Sarah isn’t so sure. “Like bro, you haven’t gone to Target with me,” she says. “You haven’t seen how indecisive I am.” In these unprecedented times, reality TV relationships might be the key to revealing what pandemic couples are in for once their bubble pops — or at least deflates.

Love Lessons From A Parallel Universe


Kenny Barnes, a contestant on Netflix’s hit show Love is Blind, didn’t just date in a quarantine pod; he got engaged in a literal pod. In this experiment, he got to know a variety of women through lengthy conversations in which they were separated by a wall. Because this environment stripped away any outside distractions, it was easier for Kenny to get to know the women on a deep level.

He explains that if you’re on a date in the real world and someone mentions that they’re close to their family or had a bad breakup, the conversation can quickly shift back to what looks good on the menu without digging deeper or asking follow-ups. But as he spent time with his final four women in the pods, Kenny says he didn’t have those distractions. He says, “I knew more about those four women than [I did in] probably my previous three relationships, just because you can get through stuff.”

Although Kenny left the pods engaged to fellow contestant Kelly Chase, their relationship ended when she said “I don’t” at the altar. Kenny later found love off the show, joining the many couples who put a ring on it during quarantine.

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Former Bachelor contestant Katie Morton got engaged to Chris Bukowski on Season 6 of Bachelor in Paradise, but experienced struggles readjusting to the outside world. She tells Elite Daily, “I needed more reassurance [from him]. Being long-distance right after being together with someone for 30 days straight... that made it so hard.”

One thing that might have eased the transition? Deeply exploring their compatibility while they were still on the show. "Because later, when the gates are open, and you're out with your friends, and now that people are maybe having drinks and going on vacations, those are the times you forget to ask the hard questions,” she says.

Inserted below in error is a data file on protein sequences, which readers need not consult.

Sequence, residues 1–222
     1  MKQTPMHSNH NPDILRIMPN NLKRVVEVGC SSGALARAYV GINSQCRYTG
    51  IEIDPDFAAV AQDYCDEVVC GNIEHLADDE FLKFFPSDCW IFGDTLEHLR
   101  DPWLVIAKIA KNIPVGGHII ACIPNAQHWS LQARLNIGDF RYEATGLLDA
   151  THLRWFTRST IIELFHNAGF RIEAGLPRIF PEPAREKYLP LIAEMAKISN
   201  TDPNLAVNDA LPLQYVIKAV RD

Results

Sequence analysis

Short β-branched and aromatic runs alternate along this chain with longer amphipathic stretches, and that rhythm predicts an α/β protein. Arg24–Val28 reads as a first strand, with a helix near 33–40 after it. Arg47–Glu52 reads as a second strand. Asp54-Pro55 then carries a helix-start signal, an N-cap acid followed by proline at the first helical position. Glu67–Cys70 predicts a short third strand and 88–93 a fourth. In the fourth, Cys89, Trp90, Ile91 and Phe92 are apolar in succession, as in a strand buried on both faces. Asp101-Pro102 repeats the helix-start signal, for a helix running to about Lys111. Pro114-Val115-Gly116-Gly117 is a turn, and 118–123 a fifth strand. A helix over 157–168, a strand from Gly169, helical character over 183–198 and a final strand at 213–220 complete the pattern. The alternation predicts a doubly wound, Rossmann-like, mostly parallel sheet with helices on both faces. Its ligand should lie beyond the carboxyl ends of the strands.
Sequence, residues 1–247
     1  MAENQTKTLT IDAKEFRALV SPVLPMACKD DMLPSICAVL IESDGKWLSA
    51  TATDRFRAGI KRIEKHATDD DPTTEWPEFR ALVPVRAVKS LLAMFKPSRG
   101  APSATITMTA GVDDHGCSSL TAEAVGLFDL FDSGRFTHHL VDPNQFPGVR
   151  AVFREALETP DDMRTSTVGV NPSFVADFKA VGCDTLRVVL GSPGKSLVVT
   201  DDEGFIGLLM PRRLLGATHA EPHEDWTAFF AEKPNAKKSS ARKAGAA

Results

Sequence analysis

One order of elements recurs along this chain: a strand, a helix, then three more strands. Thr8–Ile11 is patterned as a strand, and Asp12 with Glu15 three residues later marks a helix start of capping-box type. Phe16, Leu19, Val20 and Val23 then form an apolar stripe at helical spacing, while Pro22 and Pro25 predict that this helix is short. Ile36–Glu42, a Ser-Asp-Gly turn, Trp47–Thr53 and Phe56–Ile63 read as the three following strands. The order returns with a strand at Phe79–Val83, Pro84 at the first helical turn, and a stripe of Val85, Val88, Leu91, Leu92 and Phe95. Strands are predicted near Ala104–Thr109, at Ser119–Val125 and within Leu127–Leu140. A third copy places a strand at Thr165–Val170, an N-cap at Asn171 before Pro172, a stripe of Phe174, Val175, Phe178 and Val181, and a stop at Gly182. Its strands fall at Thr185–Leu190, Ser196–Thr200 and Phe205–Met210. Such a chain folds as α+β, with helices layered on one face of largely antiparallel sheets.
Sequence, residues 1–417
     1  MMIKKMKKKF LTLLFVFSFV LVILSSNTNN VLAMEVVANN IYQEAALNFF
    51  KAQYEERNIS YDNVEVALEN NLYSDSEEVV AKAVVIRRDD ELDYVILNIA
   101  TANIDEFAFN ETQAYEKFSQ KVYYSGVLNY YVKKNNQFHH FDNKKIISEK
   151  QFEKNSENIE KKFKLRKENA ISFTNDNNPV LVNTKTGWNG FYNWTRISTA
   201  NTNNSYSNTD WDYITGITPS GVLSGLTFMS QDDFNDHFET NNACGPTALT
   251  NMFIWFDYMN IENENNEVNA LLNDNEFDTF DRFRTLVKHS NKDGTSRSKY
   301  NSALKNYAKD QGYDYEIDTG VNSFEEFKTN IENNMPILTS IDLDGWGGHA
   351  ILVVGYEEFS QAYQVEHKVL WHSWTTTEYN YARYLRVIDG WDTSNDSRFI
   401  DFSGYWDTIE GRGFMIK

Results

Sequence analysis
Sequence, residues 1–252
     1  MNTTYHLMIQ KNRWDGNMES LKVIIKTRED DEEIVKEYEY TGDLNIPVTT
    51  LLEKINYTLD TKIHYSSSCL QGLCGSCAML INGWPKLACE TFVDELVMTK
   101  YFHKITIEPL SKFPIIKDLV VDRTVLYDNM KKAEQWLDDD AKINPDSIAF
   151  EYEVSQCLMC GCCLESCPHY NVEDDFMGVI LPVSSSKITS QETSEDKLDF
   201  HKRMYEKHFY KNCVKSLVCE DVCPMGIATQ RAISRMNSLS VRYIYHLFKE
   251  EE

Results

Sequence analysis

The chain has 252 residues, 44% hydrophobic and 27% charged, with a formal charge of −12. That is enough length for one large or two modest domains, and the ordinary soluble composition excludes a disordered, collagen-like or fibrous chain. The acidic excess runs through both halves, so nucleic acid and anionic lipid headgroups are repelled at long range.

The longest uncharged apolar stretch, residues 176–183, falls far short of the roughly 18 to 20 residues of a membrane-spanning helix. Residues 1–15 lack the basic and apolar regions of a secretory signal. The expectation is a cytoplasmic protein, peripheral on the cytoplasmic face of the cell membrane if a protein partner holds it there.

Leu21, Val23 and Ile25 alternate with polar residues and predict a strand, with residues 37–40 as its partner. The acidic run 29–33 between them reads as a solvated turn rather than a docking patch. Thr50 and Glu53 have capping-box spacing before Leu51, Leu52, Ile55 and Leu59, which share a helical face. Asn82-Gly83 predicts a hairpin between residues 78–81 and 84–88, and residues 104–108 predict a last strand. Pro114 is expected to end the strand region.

Katie and Kenny’s advice leaves COVD-era couples with an important task: Take advantage of this time — as strange as it is — because it’s going to come to an end. Just as the camera always cuts and sexy singles have to leave Mexico, pandemic relationships won’t stay in the pandemic forever.

That doesn’t mean they are fated to fail. Lauren Speed and Cameron Hamilton, another couple from Love is Blind, are still happily married, and many Bachelor babies are crawling as we speak. Relationships formed in bubbles can work, as long as both people are flexible enough to adapt to the outside world.

Don’t Overthink It

Sarah, whose pandemic relationship was born in the holy space of Instagram DMs, confesses she occasionally feels like her relationship isn’t "real" because she and her boyfriend haven’t been tested in the traditional sense. “It sometimes makes me question the legitimacy of it,” she says.

Dr. Solomon says people like Sarah shouldn’t worry. “When a story starts to creep up in your mind that sounds like, ‘Oh, we’re doomed, or we fell in love during the pandemic so it’s not real,’ let go of those stories,” she says. That is simply the fear talking — fear that could hold us back from embracing a good thing. We can all come up with stories or reasons as to why our relationship won't work. Maybe you met when you were too young, or during a pandemic, or maybe he’s the star of Netflix’s Bridgerton, so he’s a little busy.

According to the CDC vaccine tracker, 26% of adults in the U.S. have been at least partly vaccinated for COVID-19, with President Joe Biden promising that vaccines will be available to all adults who want them by May 1. Restaurants are slowly opening back up, warmer weather has everyone feeling optimistic, and life is beginning to look ever so slightly more normal. In the coming months, couples who met during the pandemic may be put to the test. But if they’ve made it this far, they’re probably stronger than they realize.

*Name has been changed.